Why the pharmaceutical industry has been so quiet on mifepristone

The US Supreme Court is expected to soon decide on whether to revoke the Food and Drug Administration's approval of the abortion pill mifepristone. The case has broad implications beyond abortion, as it would be the first time a court challenges the FDA's authority.

Why the pharmaceutical industry has been so quiet on mifepristone

US Supreme Court will soon decide whether to revoke the Food and Drug Administration approval of mifepristone, which was granted more than 20 year ago. This is a case that has broad implications, beyond abortion access: It's the first time a court has challenged the FDA's authority to make prescription drugs available. The FDA is a federal agency responsible for scientific and medical oversight.

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If mifepristone was taken off the market it could open the door for other types of drugs to be challenged. The drug companies, and their leaders, don't appear to be very concerned. Their involvement has been limited to date. This is a far cry compared to recent CEOs who have spoken out on issues such as gay rights and gun control.

Danco, which makes the branded version of mifepristone, Mifeprex (also known as Mifeprex), joined the Biden Administration in seeking Supreme Court intervention for the FDA to be given full approval. GenBioPro, the manufacturer of the generic version, has filed a suit against the FDA to ask for the drug's continued availability.

The pharmaceutical industry has not taken any action beyond the amicus brief that was filed by PhRMA (the industry's principal lobby) along with individual pharmaceutical companies and executives. And even this happened only when the case reached an appeals court.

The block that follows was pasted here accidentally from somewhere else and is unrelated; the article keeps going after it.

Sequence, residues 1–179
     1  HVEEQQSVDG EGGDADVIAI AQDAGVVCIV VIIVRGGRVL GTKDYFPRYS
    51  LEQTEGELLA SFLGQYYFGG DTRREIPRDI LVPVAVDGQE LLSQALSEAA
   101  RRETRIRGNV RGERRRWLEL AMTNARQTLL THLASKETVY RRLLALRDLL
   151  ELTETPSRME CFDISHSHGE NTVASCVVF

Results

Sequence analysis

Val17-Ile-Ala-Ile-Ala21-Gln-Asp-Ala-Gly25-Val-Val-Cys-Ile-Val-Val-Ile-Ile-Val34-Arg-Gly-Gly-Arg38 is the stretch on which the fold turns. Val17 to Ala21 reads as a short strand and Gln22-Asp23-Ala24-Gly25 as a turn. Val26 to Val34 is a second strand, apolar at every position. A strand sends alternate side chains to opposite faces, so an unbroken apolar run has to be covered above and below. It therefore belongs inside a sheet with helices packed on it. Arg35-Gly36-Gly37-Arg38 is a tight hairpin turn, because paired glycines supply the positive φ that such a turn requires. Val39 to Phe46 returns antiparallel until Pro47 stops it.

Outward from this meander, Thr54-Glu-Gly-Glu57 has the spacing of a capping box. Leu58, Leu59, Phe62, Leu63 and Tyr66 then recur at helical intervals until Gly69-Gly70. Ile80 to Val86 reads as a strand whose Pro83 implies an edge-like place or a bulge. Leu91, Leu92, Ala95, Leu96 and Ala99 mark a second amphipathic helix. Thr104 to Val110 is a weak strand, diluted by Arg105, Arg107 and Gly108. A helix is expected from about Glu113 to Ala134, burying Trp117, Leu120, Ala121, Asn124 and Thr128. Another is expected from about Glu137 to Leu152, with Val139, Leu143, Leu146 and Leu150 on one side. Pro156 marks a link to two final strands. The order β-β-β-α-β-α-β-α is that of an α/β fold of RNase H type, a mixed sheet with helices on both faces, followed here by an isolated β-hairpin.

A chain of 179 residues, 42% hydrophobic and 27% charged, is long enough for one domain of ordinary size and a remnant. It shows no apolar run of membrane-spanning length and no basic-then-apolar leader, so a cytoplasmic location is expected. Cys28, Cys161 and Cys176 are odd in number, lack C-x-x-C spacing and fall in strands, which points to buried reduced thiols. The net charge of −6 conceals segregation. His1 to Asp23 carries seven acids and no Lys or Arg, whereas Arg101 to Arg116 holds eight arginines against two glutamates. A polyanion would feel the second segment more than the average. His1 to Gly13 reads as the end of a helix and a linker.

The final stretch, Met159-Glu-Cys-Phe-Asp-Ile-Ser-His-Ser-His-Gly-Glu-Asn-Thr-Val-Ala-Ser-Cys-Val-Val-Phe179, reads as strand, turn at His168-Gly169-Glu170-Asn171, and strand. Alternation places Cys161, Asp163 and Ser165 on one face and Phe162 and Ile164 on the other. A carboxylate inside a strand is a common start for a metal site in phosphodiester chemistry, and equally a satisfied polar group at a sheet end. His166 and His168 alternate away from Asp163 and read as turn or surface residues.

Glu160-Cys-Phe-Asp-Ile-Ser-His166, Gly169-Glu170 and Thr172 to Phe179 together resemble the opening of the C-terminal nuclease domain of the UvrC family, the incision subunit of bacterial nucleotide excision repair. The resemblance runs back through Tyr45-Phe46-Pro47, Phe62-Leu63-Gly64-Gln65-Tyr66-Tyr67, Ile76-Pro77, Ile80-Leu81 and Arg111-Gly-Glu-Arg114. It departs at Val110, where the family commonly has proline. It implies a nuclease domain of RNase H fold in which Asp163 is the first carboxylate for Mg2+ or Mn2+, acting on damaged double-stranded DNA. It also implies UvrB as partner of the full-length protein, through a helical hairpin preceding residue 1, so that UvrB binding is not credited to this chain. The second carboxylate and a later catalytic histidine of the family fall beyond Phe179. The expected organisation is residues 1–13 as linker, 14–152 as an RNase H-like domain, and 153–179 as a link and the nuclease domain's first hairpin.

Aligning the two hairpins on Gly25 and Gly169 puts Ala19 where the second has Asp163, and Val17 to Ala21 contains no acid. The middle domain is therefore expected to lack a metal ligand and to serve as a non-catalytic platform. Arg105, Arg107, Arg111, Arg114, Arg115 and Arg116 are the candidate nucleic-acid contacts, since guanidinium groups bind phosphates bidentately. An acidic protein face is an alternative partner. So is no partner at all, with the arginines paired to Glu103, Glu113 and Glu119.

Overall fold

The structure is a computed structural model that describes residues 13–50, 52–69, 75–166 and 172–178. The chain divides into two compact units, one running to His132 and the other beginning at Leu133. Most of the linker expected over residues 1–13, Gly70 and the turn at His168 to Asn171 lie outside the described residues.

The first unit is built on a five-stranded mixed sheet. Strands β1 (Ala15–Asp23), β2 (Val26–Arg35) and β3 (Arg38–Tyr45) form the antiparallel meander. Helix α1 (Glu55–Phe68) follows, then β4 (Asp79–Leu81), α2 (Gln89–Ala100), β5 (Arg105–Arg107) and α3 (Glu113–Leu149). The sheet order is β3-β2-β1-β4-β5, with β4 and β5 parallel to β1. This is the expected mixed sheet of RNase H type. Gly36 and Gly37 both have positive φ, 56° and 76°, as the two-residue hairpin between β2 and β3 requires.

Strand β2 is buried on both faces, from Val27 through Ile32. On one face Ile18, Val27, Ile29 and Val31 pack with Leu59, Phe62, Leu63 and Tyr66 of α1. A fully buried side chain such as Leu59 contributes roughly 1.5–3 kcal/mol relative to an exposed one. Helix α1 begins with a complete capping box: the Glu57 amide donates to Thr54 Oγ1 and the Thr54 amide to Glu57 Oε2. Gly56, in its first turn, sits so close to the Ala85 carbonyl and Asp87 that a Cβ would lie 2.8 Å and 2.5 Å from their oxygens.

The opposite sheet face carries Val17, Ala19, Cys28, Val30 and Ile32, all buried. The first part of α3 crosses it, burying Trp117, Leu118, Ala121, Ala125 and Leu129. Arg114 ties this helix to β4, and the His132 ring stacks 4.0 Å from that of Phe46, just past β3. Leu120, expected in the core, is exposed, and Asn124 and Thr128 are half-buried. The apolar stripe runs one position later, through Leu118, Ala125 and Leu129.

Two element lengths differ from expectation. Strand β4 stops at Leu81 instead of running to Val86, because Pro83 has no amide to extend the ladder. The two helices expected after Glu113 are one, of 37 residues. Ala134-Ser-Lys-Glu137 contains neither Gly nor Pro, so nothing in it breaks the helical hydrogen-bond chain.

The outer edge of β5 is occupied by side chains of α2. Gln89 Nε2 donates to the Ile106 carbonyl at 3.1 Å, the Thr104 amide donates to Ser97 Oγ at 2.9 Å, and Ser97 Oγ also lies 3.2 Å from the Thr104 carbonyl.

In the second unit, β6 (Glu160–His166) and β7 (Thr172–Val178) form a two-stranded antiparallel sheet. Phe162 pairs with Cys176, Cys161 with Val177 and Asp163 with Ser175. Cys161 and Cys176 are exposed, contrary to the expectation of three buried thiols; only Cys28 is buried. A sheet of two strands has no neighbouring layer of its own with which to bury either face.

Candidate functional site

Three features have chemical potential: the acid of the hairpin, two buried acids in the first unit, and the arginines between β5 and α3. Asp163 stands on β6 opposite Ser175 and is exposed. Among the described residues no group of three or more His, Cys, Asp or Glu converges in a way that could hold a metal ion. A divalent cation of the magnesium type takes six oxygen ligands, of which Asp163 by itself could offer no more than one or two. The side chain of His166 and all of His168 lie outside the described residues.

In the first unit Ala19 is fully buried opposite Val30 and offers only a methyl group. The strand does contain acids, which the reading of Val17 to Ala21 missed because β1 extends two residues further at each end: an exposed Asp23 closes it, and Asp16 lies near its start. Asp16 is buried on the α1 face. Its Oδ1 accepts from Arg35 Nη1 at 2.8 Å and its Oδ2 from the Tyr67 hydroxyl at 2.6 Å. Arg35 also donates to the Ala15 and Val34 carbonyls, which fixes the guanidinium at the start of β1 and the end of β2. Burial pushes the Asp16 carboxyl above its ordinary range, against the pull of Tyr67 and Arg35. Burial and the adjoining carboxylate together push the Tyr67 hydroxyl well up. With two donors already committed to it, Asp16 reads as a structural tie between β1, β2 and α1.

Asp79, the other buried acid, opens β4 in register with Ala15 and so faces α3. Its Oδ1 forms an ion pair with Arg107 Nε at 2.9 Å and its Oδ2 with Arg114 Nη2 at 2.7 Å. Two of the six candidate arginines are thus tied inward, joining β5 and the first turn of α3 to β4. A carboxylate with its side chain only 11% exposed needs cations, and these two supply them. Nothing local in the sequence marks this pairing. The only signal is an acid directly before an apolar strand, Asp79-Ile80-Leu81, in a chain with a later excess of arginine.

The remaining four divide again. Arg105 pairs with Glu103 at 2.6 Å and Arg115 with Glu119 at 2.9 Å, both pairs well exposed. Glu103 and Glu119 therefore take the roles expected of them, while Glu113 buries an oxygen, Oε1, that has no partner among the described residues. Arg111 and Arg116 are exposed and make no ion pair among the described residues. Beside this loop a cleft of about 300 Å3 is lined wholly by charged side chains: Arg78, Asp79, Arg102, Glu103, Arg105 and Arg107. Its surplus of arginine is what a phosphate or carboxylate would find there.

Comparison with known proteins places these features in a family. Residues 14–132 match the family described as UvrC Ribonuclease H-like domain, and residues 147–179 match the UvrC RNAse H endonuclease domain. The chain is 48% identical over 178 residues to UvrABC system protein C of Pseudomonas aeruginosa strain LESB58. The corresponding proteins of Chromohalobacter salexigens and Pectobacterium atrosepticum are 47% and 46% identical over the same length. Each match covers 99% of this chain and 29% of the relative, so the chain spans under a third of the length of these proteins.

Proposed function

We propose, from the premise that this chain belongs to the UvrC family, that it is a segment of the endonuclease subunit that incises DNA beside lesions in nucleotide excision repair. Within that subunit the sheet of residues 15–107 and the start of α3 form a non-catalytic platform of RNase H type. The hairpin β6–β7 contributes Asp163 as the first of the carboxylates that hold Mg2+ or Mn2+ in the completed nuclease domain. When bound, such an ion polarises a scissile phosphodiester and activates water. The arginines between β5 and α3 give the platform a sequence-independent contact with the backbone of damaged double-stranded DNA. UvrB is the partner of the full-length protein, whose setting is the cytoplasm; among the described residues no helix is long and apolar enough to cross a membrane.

Why don't pharmaceutical companies speak out more about the availability of mifepristone?

Nielsen Hobbs is the lead analyst for Citeline, an industry-focused consultancy. If it were, I believe you would have seen the companies intervene at the district courts.

Mifepristone wasn't the only medication to fall under the social fault line that motivated the lawsuit. The same goes for gender affirming hormone therapy and contraceptives, which are also included in this category. However, they represent only a small part of the $1.5 billion global pharmaceutical industry.

It is likely that pharmaceutical companies' losses will be limited due to the specific political nature of this controversy. Hobbs says, "I believe [drug manufacturers] understand this is a specific strategy that will be used along this narrow subject."

If additional legal challenges are extended to vaccines that have indeed been the subject political controversy, then any restrictions resulting from this would likely be limited to mandatory vaccines and not the general availability of vaccines.

The social cost associated with new restrictions on drugs in each of these fields would be much higher than what the industry could pay. However, if the ruling is in favor of restrictions, it may discourage companies from developing products in certain areas like reproductive health and preventive medicine. This would have a negative impact on both public health as well as potential future revenue streams for the drug industry.

The legal battle over the mifepristone doesn't threaten the drug industry, but it has long-term effects.

Hobbs says that "the loss of confidence in the FDA has become an issue, and it can't be good for the business model of the industry." It is still a theoretical risk that could be applied to any product.

There is no scenario where FDA approvals can be systematically challenged. This means that as long as the pharmaceutical companies continue to develop new products and find customers for them, the fight over mifepristone is not too important for them.